The Toronto Maple Leafs went into Tampa Bay on Tuesday looking for a clean sweep in the Sunshine State after scoring a 3-0 victory over the Florida Panthers on Monday. But like most teams making the Florida road trip, the Leafs only came away with one win. Although they played a strong road game, they came up short in a 4-2 loss. Here are a few things that caught my eye:
The Maple Leafs have had very good goaltending for the most part this season between James Reimer and Ben Scrivens. With Reimer injured, Scrivens has been excellent posting back-to-back shutouts coming into Tuesday’s game. However, against Tampa Bay Scrivens gave up a backbreaking goal early in the third period to make the score 3-1. It was the type of goal Maple Leaf fans have been used to seeing the last couple of seasons, but had become a distant memory this year. He then let up another weak one on a Tampa power play to make it 4-1, which was the last shot he would see for the night as he was pulled in favor of Jussi Rynnas.
Given how well Scrivens has played it’s hard to place any blame on him for this loss, but the team actually did a much better job defensively giving up only 18 shots and limiting Tampa Bay’s scoring chances. This really shows that on a night-to-night basis how a few bounces either way can turn the tide of a game. These things tend to even out over the course of a year and the best teams usually rise to the top, but in this shortened season that might not necessarily be the case.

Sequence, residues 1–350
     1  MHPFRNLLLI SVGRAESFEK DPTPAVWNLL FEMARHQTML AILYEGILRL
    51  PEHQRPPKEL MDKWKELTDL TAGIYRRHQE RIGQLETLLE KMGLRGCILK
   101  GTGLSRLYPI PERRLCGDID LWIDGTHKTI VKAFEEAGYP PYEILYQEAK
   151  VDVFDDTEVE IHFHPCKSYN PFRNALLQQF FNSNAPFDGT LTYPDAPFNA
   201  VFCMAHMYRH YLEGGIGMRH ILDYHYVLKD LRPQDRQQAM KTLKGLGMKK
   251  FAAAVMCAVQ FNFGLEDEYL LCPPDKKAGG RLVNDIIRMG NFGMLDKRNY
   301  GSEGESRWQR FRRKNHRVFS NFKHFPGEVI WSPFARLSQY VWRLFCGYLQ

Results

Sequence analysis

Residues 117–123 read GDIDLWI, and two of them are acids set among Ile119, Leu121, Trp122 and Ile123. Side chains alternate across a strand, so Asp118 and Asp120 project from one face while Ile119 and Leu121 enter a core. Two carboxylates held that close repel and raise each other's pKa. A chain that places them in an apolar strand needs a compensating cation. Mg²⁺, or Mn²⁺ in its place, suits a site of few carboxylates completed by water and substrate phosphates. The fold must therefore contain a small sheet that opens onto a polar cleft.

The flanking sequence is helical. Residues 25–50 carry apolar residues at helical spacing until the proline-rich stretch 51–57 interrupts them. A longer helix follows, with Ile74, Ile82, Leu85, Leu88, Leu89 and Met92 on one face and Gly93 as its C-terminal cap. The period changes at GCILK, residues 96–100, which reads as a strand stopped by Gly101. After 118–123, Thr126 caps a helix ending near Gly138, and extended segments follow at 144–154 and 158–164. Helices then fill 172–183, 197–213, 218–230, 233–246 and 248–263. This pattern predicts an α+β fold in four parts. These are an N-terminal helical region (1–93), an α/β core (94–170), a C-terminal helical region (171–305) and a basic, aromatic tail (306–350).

The Defense Corps
Carl Gunnarsson returned from injury on Monday night after missing eight games. Gunnarsson’s placement in the lineup sent veteran John-Michael Liles to the press box alongside fellow healthy scratch Mike Komisarek. Randy Carlyle went with the same grouping against Tampa, which is missing three of the team’s top six defensemen from last season (including Jake Gardiner with the Marlies).
The defense group appears to be performing well with the likes of Mark Fraser sporting a plus-13 rating, but how much of that is good play from the backend versus very good goaltending. The Leafs as a team have a shot differential per 60 minutes of -5.4 on the season. This is one of the worst rates in the league, although their scoring chance differential is actually much better.
Returning home off of a loss it will be interesting to see what Carlyle does with this group; whether Liles or Komisarek check back in or it would not surprise me if Gardiner gets the call up. But who will be the odd man out?
Heading into Tuesday night’s game the Maple Leafs had killed off 19 of their last 20 penalties, improving their percentage on the season to 81.1%, good enough for 17th in the NHL. This is a huge improvement over the past few seasons as the Leafs had one of the worst penalty kills in the league.
The Leafs allowed one goal on six shorthanded situations against the league’s third best power play unit on Tuesday. Even with the goal against the Leafs continued their good play on the penalty kill. Much of the credit has to go to the goaltending, but two of the new additions up front have made a huge impact. Jay McClement and Leo Komarov do a lot of the heavy lifting on the penalty kill and they have both been instrumental in the good results the Maple Leafs are starting to see. McClement leads the team in shorthanded time on ice per game and is third in the entire league for forwards.
Grabovski Finally Scores
If there is one positive to take from the game it is the fact that Mikhail Grabovski broke his 11 game scoreless drought with a first period goal. Grabovski is a very important part of this team and he is relied upon to do much more than score. He goes head-to-head with the other team’s best line every night and his offensive zone start percentage is among the lowest in the league for forwards. Yet if the Maple Leafs are going to be successful they need to get production from him and his line mates. Hopefully that goal will get them going a bit.
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